“I have but one question, Oracle: As queen, what is the purpose of my reign?”

“The purpose of your reign is to govern over your people,” the oracle answered.

Clarissa had expected this answer – it was an obvious statement. She moved on to the next oracle.

“Oracle, how do I govern over my people?”

“You govern over your people by telling them what to do by means of royal decree,” the oracle answered.

She moved on to the next.

“Oracle, what should I tell my people to do?”

“You should tell your people to obey your commands,” the oracle answered.

She moved on to the next.

“Oracle, what commands should I give to my people?”

“Your commands by intention should ensure the growth and prosperity of your realm,” the oracle answered.

She moved on to the next.

“Oracle, how do I ensure the growth and prosperity of my realm?”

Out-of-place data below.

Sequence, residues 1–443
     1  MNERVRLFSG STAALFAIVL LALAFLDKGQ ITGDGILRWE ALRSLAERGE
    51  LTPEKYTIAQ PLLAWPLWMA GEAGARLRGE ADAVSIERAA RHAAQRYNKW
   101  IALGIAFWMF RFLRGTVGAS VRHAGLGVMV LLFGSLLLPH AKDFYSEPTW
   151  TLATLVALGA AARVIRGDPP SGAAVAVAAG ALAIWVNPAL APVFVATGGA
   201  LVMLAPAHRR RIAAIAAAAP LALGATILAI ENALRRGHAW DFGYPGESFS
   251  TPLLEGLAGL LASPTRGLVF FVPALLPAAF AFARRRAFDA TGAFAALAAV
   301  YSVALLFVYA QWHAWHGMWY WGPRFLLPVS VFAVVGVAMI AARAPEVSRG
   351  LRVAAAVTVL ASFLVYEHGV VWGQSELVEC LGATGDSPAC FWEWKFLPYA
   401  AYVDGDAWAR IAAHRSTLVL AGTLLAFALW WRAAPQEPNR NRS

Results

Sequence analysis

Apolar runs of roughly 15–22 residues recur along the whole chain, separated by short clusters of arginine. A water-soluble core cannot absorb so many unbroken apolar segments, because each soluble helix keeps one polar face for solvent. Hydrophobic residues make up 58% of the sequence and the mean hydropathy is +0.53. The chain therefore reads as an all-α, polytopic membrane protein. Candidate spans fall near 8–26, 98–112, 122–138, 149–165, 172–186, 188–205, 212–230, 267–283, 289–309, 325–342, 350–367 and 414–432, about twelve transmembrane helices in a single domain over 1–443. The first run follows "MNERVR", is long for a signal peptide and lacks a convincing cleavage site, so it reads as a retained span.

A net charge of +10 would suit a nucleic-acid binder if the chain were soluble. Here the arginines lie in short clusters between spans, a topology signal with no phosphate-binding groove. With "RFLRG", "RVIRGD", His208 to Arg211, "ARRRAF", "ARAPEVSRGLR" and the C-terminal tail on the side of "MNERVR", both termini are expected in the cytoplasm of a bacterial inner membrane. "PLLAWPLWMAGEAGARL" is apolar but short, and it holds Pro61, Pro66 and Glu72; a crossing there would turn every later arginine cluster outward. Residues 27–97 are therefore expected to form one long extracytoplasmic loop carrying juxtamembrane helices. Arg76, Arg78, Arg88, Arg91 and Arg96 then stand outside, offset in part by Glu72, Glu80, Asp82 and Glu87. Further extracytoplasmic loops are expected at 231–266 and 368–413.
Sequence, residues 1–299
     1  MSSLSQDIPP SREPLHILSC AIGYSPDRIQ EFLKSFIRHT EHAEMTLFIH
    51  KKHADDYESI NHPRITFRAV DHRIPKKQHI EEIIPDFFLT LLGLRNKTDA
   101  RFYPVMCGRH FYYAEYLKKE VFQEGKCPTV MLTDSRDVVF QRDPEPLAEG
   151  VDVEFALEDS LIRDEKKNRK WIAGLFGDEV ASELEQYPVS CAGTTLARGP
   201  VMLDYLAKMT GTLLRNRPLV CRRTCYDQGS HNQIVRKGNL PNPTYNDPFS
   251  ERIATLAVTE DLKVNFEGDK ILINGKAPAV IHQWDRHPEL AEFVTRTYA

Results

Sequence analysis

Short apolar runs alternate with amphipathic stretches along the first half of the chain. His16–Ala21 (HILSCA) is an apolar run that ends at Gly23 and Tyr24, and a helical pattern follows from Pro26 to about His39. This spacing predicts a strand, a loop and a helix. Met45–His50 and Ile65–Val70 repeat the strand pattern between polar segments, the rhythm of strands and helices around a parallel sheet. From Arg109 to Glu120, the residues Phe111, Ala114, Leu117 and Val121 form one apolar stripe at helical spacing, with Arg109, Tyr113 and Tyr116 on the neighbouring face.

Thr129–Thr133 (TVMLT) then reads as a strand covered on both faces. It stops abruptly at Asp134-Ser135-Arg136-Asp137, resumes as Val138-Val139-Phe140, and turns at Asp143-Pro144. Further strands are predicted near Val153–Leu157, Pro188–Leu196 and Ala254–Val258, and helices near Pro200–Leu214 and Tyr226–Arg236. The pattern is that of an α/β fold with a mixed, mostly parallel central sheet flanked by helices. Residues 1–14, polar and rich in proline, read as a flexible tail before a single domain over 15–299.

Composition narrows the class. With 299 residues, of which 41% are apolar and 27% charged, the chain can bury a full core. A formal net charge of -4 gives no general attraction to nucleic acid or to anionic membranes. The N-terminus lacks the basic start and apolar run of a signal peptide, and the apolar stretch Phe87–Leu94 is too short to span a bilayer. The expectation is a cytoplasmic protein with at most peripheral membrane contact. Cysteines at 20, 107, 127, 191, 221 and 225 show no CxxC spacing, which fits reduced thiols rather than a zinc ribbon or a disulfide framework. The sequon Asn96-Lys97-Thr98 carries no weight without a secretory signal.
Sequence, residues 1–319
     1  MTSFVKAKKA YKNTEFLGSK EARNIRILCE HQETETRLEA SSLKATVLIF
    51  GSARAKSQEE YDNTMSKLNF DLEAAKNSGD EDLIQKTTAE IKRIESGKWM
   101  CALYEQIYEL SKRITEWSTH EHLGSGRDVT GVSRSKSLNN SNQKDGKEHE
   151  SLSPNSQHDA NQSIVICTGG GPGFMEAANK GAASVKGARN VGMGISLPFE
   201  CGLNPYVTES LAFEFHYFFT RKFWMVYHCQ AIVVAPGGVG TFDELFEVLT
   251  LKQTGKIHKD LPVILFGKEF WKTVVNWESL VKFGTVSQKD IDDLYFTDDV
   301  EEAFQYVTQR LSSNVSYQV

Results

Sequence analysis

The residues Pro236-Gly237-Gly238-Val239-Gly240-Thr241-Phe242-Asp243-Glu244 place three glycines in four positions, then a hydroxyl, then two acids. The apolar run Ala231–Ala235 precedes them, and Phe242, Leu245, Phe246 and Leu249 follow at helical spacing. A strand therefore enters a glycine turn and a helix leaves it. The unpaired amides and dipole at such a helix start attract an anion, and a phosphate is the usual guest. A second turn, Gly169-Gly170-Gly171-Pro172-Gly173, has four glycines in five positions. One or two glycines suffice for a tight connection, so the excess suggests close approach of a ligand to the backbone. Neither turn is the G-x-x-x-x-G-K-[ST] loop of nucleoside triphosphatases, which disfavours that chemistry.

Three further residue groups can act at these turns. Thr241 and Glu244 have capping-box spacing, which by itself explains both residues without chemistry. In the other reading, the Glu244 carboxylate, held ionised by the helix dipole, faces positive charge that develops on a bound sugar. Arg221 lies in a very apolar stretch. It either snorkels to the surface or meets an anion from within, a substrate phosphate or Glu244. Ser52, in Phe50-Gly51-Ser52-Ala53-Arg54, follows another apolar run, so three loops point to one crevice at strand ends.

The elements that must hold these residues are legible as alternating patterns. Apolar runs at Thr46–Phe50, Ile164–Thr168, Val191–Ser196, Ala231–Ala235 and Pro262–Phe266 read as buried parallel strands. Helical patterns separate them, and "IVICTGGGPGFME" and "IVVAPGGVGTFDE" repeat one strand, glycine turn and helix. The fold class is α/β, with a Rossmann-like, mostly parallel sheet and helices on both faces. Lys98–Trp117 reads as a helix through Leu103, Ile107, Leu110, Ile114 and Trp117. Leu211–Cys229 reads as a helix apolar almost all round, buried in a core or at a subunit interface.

“The prosperity and growth of your realm will only come with unification, you must find a way to inspire your people so they will follow and obey you without question.”

She moved on to the last and tallest oracle.

“Oracle, how do I inspire the people to believe in me?”

“By showing them love,” the oracle answered. “There is no greater or more unifying force in the universe. Love is my answer.”

On her way back to the city Clarissa had many thoughts all vying for her undivided attention; she still didn’t have a clear idea of where to begin in her reign, but showing her people love was not a problem for her. Yes, showing her people love and compassion would be easy.

She entered the city with a renewed spring in her steps. She suddenly became bathed in a new confidence.

8 thoughts on “The Six Oracles”

  1. Hello Amanda, and welcome to Thoughts.

    The fact that you mention ‘scribbles’ must mean that you were once a member of the old thoughts and took part in the writing challenges? What with one thing and another I’m afraid all that came to an abrupt end when ‘Thinkr’ took pride and place over thoughts after it closed, and most of the old thoughtsers didn’t like Thinkr and left for other adventures.